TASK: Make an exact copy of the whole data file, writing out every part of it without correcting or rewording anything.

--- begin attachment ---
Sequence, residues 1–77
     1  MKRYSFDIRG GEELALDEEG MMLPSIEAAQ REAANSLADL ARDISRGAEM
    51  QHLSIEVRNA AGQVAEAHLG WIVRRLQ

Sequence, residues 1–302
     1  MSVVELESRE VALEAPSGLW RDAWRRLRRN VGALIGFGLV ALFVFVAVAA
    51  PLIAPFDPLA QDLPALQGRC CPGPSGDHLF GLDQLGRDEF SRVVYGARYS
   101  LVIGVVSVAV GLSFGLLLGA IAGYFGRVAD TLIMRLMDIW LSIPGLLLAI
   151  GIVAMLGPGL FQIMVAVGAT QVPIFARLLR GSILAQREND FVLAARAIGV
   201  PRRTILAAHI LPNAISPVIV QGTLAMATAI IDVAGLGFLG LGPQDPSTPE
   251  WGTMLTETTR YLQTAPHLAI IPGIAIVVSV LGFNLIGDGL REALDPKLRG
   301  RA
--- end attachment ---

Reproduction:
Sequence, residues 1–77
     1  MKRYSFDIRG GEELALDEEG MMLPSIEAAQ REAANSLADL ARDISRGAEM
    51  QHLSIEVRNA AGQVAEAHLG WIVRRLQ

Sequence, residues 1–302
     1  MSVVELESRE VALEAPSGLW RDAWRRLRRN VGALIGFGLV ALFVFVAVAA
    51  PLIAPFDPLA QDLPALQGRC CPGPSGDHLF GLDQLGRDEF SRVVYGARYS
   101  LVIGVVSVAV GLSFGLLLGA IAGYFGRVAD TLIMRLMDIW LSIPGLLLAI
   151  GIVAMLGPGL FQIMVAVGAT QVPIFARLLR GSILAQREND FVLAARAIGV
   201  PRRTILAAHI LPNAISPVIV QGTLAMATAI IDVAGLGFLG LGPQDPSTPE
   251  WGTMLTETTR YLQTAPHLAI IPGIAIVVSV LGFNLIGDGL REALDPKLRG
   301  RA